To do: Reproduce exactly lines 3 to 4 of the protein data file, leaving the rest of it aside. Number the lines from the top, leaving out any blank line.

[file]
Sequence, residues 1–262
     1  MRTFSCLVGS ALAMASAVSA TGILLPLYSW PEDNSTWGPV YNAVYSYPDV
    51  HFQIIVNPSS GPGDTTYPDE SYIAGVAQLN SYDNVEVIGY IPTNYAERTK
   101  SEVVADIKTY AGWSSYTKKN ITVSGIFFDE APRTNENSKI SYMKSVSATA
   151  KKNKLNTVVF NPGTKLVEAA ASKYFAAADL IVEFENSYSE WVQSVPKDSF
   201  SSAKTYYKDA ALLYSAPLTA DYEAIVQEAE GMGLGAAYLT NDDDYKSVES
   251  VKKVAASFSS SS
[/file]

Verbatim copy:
    51  HFQIIVNPSS GPGDTTYPDE SYIAGVAQLN SYDNVEVIGY IPTNYAERTK
   101  SEVVADIKTY AGWSSYTKKN ITVSGIFFDE APRTNENSKI SYMKSVSATA